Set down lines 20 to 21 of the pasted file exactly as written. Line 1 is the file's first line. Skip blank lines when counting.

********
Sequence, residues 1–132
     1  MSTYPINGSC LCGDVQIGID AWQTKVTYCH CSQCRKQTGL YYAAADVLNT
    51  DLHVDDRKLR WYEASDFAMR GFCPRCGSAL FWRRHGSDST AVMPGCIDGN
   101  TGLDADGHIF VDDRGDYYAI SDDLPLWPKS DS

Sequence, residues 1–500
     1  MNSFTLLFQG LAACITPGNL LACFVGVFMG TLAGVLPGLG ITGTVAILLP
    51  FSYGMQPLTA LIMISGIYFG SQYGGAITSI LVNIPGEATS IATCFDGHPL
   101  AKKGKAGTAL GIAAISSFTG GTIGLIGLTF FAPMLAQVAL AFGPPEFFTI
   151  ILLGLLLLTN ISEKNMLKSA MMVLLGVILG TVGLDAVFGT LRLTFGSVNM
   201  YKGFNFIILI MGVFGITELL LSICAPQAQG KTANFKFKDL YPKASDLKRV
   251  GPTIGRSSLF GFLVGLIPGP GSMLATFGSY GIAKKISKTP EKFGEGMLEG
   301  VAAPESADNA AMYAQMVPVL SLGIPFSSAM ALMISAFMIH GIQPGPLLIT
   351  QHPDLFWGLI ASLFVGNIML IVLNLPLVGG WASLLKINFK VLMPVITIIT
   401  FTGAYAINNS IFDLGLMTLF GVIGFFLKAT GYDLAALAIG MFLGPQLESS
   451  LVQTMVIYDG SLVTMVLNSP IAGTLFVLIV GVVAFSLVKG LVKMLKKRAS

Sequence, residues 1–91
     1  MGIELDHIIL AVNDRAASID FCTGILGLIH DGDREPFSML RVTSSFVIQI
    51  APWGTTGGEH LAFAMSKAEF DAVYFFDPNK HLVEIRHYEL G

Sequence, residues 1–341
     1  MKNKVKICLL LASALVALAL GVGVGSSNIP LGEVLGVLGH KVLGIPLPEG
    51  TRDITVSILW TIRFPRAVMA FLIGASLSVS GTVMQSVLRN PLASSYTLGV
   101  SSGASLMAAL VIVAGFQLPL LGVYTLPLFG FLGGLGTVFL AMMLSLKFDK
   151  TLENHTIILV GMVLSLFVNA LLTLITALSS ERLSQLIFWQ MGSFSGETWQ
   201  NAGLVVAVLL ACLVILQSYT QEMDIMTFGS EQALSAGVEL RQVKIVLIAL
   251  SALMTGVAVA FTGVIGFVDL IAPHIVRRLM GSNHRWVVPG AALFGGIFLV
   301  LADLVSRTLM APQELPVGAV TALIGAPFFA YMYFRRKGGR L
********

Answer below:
     1  MKNKVKICLL LASALVALAL GVGVGSSNIP LGEVLGVLGH KVLGIPLPEG
    51  TRDITVSILW TIRFPRAVMA FLIGASLSVS GTVMQSVLRN PLASSYTLGV